“Science stands on the edge of error and the nature of the scientific endeavour at the frontiers means there is always uncertainty,” Kelly separately told Computer Weekly. “In the early days of the pandemic, science was too often painted as absolute and somehow not to be trusted when it corrects itself, but that prodding and testing of received wisdom is integral to the advancement of science and society.”

“Our polling showed that people have complex reasons for sharing misinformation, and we won’t change this by giving them more facts,” Oxford Internet Institute professor of technology and society Gina Neff, who contributed to the report, told Computer Weekly. “… We need new strategies to ensure high-quality information can compete in the online attention economy. This means investing in lifelong information literacy programmes, provenance enhancing technologies, and mechanisms for data sharing between platforms and researchers.”

The idea that driving conspiracy theorists off mainstream platforms and deeper into the web only makes them stronger has also, in some cases, been spread by bullshit artists themselves as a last-ditch defense of their access to lucrative audiences on Facebook, Twitter, and YouTube. Often, they’ve been wrong. InfoWars kingpin Alex Jones, for example, claimed that the wave of bans that hit him on virtually every major social media site would only fuel his audience’s persecution complex. Instead, his web traffic plummeted, he lost access to key revenue sources, and he’s seemingly spent much of his dwindling resources fighting a crushing series of defamation lawsuits. Donald Trump faced a similar situation, at least as far as his ability to spread conspiracies about the 2020 elections went.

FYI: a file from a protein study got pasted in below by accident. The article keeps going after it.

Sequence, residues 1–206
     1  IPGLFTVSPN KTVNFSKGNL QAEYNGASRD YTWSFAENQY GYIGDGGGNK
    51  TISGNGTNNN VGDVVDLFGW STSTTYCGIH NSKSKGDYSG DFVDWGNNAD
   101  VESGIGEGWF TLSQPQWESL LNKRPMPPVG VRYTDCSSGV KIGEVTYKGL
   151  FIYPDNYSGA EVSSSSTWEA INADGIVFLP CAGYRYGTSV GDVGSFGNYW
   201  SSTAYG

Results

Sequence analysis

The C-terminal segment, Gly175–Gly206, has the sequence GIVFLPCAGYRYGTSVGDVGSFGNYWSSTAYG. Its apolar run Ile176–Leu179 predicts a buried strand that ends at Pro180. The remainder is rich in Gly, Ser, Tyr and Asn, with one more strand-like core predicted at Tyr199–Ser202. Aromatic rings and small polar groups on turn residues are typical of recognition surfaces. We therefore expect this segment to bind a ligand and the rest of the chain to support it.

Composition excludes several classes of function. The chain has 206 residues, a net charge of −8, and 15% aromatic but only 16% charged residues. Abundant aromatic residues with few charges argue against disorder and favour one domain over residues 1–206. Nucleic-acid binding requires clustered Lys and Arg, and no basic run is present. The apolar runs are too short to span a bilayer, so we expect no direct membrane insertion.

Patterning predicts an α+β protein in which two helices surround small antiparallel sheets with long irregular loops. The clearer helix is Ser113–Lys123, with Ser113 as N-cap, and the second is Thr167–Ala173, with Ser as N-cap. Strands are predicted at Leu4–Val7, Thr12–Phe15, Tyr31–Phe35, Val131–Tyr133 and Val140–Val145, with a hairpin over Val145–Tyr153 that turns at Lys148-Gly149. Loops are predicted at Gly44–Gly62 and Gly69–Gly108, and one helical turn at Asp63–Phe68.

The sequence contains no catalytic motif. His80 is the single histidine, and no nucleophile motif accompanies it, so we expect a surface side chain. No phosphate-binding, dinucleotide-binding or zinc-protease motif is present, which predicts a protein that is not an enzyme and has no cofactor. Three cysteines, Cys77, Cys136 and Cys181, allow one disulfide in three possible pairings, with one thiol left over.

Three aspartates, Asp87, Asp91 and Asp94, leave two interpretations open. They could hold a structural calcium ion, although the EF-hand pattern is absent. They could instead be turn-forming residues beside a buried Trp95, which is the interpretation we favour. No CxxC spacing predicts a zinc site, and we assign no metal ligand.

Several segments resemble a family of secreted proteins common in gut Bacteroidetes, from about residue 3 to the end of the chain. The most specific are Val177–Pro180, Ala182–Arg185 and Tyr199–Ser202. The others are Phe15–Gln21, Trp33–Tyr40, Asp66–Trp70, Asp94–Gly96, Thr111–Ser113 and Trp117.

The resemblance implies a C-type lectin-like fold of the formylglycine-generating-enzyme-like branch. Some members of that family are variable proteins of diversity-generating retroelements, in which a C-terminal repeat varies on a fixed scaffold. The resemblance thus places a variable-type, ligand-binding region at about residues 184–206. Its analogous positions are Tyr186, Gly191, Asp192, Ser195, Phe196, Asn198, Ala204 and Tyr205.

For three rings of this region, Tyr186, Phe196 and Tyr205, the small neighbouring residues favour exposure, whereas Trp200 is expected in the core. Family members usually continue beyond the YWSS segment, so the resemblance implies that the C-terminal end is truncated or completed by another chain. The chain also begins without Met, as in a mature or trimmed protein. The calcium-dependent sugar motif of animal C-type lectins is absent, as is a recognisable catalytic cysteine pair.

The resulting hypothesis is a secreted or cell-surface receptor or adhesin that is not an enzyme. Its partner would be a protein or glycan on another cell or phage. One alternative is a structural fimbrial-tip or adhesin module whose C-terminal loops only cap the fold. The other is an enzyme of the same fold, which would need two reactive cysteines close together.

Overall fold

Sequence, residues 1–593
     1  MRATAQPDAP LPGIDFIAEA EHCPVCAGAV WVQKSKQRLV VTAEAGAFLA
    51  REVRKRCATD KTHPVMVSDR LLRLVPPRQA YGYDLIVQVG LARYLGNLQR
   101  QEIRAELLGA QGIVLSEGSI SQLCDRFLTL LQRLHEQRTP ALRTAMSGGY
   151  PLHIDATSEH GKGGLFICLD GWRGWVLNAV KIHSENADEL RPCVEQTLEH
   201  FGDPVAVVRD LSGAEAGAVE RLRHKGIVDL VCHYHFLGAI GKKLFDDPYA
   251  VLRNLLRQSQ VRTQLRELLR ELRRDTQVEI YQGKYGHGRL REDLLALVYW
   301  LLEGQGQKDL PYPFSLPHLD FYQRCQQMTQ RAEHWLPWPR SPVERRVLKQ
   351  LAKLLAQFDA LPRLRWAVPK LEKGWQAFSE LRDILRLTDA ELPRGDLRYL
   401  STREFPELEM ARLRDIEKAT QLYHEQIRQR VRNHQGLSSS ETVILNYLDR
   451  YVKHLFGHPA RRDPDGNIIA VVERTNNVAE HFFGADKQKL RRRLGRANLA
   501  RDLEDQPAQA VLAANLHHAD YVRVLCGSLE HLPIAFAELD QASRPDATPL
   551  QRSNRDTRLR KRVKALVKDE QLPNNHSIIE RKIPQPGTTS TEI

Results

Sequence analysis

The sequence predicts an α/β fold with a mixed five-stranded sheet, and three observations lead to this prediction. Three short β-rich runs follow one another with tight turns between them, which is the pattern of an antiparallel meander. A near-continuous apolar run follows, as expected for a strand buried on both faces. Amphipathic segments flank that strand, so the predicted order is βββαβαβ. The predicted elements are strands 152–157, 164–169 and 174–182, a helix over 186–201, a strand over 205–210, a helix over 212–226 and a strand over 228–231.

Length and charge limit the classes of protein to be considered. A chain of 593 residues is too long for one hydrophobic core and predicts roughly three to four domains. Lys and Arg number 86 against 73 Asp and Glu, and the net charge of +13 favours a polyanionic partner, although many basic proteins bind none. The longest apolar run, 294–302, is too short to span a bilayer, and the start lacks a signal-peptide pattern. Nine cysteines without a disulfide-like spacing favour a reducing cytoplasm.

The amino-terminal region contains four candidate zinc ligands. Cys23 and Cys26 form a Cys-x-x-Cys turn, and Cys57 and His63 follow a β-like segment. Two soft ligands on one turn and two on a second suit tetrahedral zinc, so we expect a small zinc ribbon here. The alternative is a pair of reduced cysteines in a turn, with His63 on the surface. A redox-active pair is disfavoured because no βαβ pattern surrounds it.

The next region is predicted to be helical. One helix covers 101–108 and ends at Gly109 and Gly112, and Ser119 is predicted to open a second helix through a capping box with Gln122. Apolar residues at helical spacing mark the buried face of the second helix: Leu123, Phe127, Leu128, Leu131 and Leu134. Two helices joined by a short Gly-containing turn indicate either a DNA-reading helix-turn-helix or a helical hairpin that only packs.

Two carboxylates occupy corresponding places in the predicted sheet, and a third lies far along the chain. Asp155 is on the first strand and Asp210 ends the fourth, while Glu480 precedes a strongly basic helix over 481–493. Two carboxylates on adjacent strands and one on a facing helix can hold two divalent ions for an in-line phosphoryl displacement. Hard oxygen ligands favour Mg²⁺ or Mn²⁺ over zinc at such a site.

Research has shown that while de-platforming might not be a long-term solution to misinformation and hate speech, it does act as a constraint on the relatively small but disproportionately influential individuals and groups most committed to spreading it—like the handful of anti-vaxxers responsible for much of the deluge of hoax vaccine claims on the biggest social media sites. Some of the solutions advocated in the Royal Society report are backed by evidence, like demonetization, but others don’t appear to have been very effective in practice: Facebook’s fact-checking labels are questionably useful, for example.

The Royal Society report only briefly addresses demonetization, referring to direct methods like removing the ability of misinformation promoters to collect ad revenue. But there are many ways for those who accrue vast audiences via mainstream social media sites to make money off-site, such as donations, and crowdfunding campaigns, supplement and alternative medicine sales, and going on Fox News constantly to promote their book. Allowing misleading scientific claims to remain up, albeit demonetized, thus doesn’t remove the financial incentive to post them in the first place.

It’s true, though, that bans on mainstream sites have driven large numbers of believers to alternative platforms where more openly extreme beliefs thrive, like messaging app Telegram. To some degree, the dispute comes down to whether this sort of self-imposed online quarantine is preferable to giving these web users access to audiences on major platforms, or whether it works at all; the report warns that these niche venues need to be subjected to “higher scrutiny. The fear expressed in the Royal Society report seems akin to what has happened with apps like WhatsApp, which is mostly unmoderated and has become a prime vehicle for hate speech and conspiracy theories in places like India and Brazil.

Context is also important—the findings of the report, especially those tied to surveys, focus on the UK and may not be universally applicable. For example, vaccination rates are far higher in the UK than in the U.S., and a mob of conspiracy theorists hasn’t recently stormed Parliament.

As Computer Weekly noted, researchers at the Election Integrity Partnership reached similar conclusions to the Royal Society report on the separate issue of hoax claims about 2020 elections in the U.S., finding that “widespread suppression” wasn’t necessary to reduce their spread. However, those researchers also advocated stronger sanctions against social media accounts and media organizations that are “repeat offenders,” including bans.